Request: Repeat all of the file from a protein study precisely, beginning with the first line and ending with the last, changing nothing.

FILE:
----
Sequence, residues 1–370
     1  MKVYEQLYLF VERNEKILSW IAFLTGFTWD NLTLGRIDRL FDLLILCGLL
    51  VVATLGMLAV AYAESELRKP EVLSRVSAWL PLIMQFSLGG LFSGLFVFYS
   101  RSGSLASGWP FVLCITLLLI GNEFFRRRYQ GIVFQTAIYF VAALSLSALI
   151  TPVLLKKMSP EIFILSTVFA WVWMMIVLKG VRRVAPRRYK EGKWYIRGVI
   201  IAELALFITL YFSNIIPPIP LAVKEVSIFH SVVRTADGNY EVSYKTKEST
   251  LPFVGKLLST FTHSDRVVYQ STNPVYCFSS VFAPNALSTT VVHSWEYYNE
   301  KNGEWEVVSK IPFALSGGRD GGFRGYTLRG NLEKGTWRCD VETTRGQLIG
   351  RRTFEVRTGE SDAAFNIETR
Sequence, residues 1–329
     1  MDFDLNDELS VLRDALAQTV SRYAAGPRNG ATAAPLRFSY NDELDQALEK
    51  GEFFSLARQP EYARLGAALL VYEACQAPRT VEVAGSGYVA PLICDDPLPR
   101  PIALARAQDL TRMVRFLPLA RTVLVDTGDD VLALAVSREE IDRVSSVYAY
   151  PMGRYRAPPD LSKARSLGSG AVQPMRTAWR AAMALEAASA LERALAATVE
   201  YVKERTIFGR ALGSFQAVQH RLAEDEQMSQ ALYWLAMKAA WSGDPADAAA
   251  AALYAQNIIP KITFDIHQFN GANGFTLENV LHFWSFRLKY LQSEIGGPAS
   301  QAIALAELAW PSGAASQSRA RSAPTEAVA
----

Sequence, residues 1–370
     1  MKVYEQLYLF VERNEKILSW IAFLTGFTWD NLTLGRIDRL FDLLILCGLL
    51  VVATLGMLAV AYAESELRKP EVLSRVSAWL PLIMQFSLGG LFSGLFVFYS
   101  RSGSLASGWP FVLCITLLLI GNEFFRRRYQ GIVFQTAIYF VAALSLSALI
   151  TPVLLKKMSP EIFILSTVFA WVWMMIVLKG VRRVAPRRYK EGKWYIRGVI
   201  IAELALFITL YFSNIIPPIP LAVKEVSIFH SVVRTADGNY EVSYKTKEST
   251  LPFVGKLLST FTHSDRVVYQ STNPVYCFSS VFAPNALSTT VVHSWEYYNE
   301  KNGEWEVVSK IPFALSGGRD GGFRGYTLRG NLEKGTWRCD VETTRGQLIG
   351  RRTFEVRTGE SDAAFNIETR
Sequence, residues 1–329
     1  MDFDLNDELS VLRDALAQTV SRYAAGPRNG ATAAPLRFSY NDELDQALEK
    51  GEFFSLARQP EYARLGAALL VYEACQAPRT VEVAGSGYVA PLICDDPLPR
   101  PIALARAQDL TRMVRFLPLA RTVLVDTGDD VLALAVSREE IDRVSSVYAY
   151  PMGRYRAPPD LSKARSLGSG AVQPMRTAWR AAMALEAASA LERALAATVE
   201  YVKERTIFGR ALGSFQAVQH RLAEDEQMSQ ALYWLAMKAA WSGDPADAAA
   251  AALYAQNIIP KITFDIHQFN GANGFTLENV LHFWSFRLKY LQSEIGGPAS
   301  QAIALAELAW PSGAASQSRA RSAPTEAVA